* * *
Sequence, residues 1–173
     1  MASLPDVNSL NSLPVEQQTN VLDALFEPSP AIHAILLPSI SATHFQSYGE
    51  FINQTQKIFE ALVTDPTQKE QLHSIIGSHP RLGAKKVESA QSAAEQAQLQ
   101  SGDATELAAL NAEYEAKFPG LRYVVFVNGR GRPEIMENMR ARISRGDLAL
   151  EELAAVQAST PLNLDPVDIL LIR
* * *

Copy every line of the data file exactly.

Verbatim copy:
Sequence, residues 1–173
     1  MASLPDVNSL NSLPVEQQTN VLDALFEPSP AIHAILLPSI SATHFQSYGE
    51  FINQTQKIFE ALVTDPTQKE QLHSIIGSHP RLGAKKVESA QSAAEQAQLQ
   101  SGDATELAAL NAEYEAKFPG LRYVVFVNGR GRPEIMENMR ARISRGDLAL
   151  EELAAVQAST PLNLDPVDIL LIR